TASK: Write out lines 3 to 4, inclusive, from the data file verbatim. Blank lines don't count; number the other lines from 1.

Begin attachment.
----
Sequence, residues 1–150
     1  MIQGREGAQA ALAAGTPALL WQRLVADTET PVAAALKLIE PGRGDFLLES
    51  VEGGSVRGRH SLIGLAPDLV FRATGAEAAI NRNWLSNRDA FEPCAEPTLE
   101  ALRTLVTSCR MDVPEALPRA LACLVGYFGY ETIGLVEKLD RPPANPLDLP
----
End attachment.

    51  VEGGSVRGRH SLIGLAPDLV FRATGAEAAI NRNWLSNRDA FEPCAEPTLE
   101  ALRTLVTSCR MDVPEALPRA LACLVGYFGY ETIGLVEKLD RPPANPLDLP